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The issue - Enhanced powers

From September, pupils can be searched for alcohol, drugs and stolen goods, as well as weapons. But will the new legislation make police officers of teachers?

From September, pupils can be searched for alcohol, drugs and stolen goods, as well as weapons. But will the new legislation make police officers of teachers?

Since 2007, schools have had the right to search pupils suspected of carrying weapons. Now those powers are being extended. A new law, proposed by the last government and due to come into force in September, will add alcohol, drugs and stolen goods to the list of items teachers can look for.

Asking pupils to walk through a knife scanner is one thing, but frisking them down in search of a few pills is a very different prospect - with obvious risks.

"The new bill gives schools considerable powers," says Peter Smith, a former senior police officer who now trains teachers in search techniques through his company Status Training. "It's vital that teachers know the rules and know how to carry out a search properly."

The guidance is clear. Personal searches can take place only if there are "reasonable grounds" for suspicion. They must be carried out by a teacher of the same sex as the person being searched, in the presence of another teacher, also of the same sex. And pupils can only be asked to remove items of clothing that will not reveal either skin or underwear - in most cases that means just blazers and shoes. Patting down of other clothing is allowed, but cannot be "indecent".

So if a pupil stashes something in their underwear there is not much a teacher can do about it. But that is an unlikely scenario, according to Mr Smith, who says the key to a successful search lies in understanding the "psychology of concealment".

"You need to identify the most likely hiding place, and that depends on what the item is and what it's going to be used for. If a boy is carrying a knife because he's scared of bullies, he'll keep it where he can get at it quickly - not taped to the inside of his thigh."

Not everyone thinks searching pupils is a good idea. Unions fear teachers could be putting themselves at risk of physical attack or false allegations - the Association of Teachers and Lecturers, for example, urges members only to take part in "consensual searches", such as asking a pupil to empty their pockets.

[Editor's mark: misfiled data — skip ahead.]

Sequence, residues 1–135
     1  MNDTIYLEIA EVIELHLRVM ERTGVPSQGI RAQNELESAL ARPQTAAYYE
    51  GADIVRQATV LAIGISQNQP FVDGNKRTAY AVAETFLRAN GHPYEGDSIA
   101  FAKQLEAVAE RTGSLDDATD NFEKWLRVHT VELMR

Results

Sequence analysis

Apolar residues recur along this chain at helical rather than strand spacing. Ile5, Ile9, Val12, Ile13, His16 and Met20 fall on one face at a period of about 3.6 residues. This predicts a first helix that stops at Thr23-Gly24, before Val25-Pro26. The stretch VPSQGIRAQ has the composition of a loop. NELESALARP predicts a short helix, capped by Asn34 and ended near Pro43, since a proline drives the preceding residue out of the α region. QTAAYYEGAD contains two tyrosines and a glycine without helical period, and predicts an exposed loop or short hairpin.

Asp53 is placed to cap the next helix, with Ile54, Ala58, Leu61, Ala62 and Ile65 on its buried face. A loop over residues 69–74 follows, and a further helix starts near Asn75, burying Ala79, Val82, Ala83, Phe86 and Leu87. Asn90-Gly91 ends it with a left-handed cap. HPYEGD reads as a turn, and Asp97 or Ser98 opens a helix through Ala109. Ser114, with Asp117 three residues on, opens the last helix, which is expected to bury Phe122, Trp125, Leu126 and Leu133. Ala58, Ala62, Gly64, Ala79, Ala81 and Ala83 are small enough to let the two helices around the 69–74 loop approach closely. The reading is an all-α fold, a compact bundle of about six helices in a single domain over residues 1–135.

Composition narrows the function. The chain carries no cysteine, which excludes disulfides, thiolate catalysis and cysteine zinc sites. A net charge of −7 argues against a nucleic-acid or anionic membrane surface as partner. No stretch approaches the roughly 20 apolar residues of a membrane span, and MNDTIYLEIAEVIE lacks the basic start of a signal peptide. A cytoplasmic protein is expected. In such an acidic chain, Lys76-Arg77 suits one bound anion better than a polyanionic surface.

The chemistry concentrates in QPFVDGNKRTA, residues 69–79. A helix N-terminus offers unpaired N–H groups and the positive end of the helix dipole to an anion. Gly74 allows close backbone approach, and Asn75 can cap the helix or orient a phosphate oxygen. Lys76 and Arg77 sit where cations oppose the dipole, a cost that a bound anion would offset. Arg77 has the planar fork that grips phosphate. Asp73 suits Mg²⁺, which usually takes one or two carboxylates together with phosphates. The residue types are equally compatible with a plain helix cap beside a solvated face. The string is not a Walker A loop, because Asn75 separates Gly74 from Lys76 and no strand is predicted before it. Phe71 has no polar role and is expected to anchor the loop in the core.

And it is not just the short-term consequences schools need to consider. Behaviour expert Paul Dix, of training consultancy Pivotal Education, warns that carrying out searches could fundamentally undermine the working relationship between teachers and pupils.

"This kind of legislation seems to come from another age," he says. "It's about power and control, and perpetuates a `them and us' mentality. Do teachers really want their pupils to see them as some kind of police figure?"

Mr Dix insists that schools should only carry out a search in truly exceptional circumstances, and even then only when a parent is present.

"Good teachers will find other ways," he says. "If they think a pupil has stolen something, they'll give them a chance to return it anonymously, tease it out of them. The best schools cultivate an atmosphere of mutual trust and respect. Searching pupils would destroy that completely."

Where you stand

  • Searching without consent should be a last resort. Try other approaches first.
  • Teachers are under no obligation to carry out searches.
  • Searches should only be carried out by trained staff.
  • Never carry out a search if there is any risk to your own safety. Instead, call the police.

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